By Lori Hanau and Claire Wheeler
“We start with well-intentioned people who want to create a social enterprise, quite willing to exploit themselves and subject themselves to tremendous challenges. Everything is absolutely fine in regards to justice, until they hire the first person.”
This is the set-up given to us by Jerry Gorde, a retired — and self-proclaimed “rethrived — social entrepreneur, impact investor, and philanthropist who is still trying to resolve the contradiction between all that he knows about business and all that he knows about justice.
We asked Gorde, who has become a self-taught scholar and practitioner of employee stock ownership plans, to break down for us the relationship between business and social justice from the standpoint of an entrepreneur.
Our intention was to unpack and understand what social justice looks like not only from an outward perspective — what we're trying to do — but also inwardly: what we're trying to be, as conscious companies.
ANSWERING THE CALL
For many in the business of social change, the relationship between justice and business is often sparked the moment we identify a problem or a solution and realize how to address or advance it through the establishment of enterprise. Yet, within this mission-driven approach to social justice lies a common and critical oversight. We are constantly empowered and inspired to design big, bold, and evocative solutions for fighting injustice in the world through business. We can even prove the value of the work through carefully designed metrics and stories of terrific impact. However, if the business itself if not also designed to deliver and distribute justly, we end up reinforcing the problem we're trying to solve, and risk never truly achieving justice.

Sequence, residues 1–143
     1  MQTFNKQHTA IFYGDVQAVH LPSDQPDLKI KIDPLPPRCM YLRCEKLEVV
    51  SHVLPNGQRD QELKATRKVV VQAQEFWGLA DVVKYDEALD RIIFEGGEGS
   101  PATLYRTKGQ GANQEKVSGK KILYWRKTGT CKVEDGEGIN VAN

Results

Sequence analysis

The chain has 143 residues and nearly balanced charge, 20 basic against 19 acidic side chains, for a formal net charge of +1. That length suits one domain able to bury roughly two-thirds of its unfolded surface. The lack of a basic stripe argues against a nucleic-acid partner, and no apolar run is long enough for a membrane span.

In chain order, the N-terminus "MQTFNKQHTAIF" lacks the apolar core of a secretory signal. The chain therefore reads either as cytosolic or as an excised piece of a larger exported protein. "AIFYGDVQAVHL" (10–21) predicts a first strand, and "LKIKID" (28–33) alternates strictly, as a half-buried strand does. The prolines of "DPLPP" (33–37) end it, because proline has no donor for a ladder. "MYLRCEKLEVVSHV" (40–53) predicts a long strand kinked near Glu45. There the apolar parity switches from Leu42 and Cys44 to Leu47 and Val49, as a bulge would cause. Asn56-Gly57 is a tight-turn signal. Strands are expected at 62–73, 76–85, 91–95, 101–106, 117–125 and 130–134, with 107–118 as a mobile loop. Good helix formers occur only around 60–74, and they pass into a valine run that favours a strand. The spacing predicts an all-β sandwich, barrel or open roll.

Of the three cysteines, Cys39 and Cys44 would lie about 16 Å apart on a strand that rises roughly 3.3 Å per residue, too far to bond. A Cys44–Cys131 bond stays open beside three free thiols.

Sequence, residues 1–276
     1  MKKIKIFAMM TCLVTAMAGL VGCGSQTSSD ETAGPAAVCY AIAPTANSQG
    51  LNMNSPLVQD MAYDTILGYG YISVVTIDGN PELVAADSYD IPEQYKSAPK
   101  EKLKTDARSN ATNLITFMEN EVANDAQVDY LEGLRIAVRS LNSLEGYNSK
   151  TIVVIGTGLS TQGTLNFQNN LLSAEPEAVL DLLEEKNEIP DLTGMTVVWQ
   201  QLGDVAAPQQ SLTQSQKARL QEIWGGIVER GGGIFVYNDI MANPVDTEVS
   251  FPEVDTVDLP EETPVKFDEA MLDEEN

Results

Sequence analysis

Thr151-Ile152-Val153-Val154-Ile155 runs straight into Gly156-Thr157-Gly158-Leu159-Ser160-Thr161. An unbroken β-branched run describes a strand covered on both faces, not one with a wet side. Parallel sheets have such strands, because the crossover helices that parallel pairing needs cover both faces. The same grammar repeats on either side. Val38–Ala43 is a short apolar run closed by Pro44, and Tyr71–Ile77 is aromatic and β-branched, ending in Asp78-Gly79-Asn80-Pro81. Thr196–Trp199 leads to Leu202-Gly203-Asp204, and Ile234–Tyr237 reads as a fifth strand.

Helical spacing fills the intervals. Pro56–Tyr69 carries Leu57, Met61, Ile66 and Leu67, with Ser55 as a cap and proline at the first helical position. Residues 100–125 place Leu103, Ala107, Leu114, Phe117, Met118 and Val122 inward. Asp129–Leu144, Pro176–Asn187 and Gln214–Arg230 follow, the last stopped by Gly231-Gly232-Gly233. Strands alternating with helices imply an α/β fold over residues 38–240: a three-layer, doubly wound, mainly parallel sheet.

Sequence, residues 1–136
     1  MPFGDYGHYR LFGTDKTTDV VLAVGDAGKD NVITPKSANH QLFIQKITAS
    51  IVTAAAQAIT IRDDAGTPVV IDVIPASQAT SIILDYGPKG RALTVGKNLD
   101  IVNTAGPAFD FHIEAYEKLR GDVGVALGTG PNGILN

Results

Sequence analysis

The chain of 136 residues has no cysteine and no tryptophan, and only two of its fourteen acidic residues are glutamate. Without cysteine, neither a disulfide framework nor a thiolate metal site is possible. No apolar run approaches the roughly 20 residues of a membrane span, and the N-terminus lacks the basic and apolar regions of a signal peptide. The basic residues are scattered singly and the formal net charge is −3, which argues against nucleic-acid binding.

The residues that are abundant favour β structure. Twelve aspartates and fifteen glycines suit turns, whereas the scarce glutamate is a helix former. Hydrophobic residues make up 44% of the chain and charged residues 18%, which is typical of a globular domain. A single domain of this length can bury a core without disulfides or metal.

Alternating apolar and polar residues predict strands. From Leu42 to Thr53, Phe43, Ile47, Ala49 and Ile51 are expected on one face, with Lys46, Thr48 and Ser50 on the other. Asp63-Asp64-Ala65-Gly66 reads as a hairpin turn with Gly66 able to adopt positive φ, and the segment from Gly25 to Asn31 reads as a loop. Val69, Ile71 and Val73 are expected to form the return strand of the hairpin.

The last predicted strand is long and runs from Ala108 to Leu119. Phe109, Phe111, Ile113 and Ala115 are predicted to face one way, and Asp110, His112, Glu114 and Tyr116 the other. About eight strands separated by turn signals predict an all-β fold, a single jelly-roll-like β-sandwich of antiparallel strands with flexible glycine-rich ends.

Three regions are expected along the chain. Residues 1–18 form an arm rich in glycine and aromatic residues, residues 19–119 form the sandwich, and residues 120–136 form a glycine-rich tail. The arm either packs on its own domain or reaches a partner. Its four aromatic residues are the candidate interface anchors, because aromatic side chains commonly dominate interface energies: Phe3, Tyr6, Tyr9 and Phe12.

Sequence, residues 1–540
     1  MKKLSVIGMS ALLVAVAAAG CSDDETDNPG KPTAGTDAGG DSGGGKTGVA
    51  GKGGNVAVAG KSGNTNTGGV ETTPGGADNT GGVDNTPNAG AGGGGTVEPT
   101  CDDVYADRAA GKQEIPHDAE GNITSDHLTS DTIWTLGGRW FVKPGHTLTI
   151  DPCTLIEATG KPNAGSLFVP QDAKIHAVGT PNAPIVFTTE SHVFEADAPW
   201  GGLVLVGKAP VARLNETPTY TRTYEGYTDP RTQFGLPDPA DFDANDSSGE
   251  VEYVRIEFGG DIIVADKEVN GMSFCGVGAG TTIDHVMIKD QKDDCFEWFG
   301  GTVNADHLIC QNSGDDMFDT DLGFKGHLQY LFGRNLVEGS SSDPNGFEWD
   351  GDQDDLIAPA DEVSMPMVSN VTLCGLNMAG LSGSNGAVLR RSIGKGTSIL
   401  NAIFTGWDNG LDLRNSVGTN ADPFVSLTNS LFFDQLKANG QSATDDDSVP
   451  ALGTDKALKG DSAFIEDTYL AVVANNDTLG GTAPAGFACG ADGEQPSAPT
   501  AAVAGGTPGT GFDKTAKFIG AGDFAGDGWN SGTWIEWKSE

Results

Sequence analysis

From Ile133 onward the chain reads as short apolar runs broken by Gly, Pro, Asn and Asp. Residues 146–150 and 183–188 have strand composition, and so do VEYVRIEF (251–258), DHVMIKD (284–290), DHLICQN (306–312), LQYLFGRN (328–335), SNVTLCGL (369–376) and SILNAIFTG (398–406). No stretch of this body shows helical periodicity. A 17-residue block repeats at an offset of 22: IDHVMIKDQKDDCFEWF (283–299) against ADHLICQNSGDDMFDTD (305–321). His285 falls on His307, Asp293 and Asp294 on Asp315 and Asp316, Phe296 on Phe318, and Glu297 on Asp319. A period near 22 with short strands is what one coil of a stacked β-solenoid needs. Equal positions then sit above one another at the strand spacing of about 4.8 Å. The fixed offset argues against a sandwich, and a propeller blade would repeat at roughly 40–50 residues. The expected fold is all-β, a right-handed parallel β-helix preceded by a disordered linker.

“This is a call to conscious companies to examine their structures,” says Gorde, referring to his belief that as entrepreneurs, we are deeply conditioned to reinforce business ownership and leadership paradigms that are inherently unjust. This conditioning, according to Gorde, is the result of a heritage of privilege as business owners, originating from the plantation model of old English and early American enterprise.
Gorde explains: “The Jamestown settlement was more than simply the first British colony in the US; it was also set up and owned as a shareholder corporation for and by the rich nobility and royalty of England, with the purpose of con- trolling distribution and resource extraction from the New World to the Old World.” Because the corporate charter with the monarchy “made it clear that the company’s primary, almost exclusive responsibility was to return profits to the shareholders,” the extreme need for labor and resources to establish pro table tobacco plantations at extremely low cost justified the reliance on slave labor and the takeover of native land. And business as usual was born.
PRIVILEGES VS. RIGHTS
Though centuries have passed, “we’ve made very few changes to English property law that emerged out of the 1500s and 1600s. As long as we are still bound to maximize profits for shareholders, we as business owners are not only pressured to minimize the expense of running a business, but are also driven to limit access to those profits as much as possible.”
This cycle — limiting the access to profits in favor of leverage, and limiting the cost of labor in favor of profits — surfaces as an almost unconscious drive within us as business owners. Keeping costs low and limiting access to equity work together in perfect harmony to accomplish one primary aim: maximizing shareholder value. As a result, the entrepreneur is left with “simply no good business reason to share equity with employees. I want to incentivize them to do their best work, but I want to find a way to do that that does not cost me much and does not tie them to the holy grail of ownership,” explains Gorde.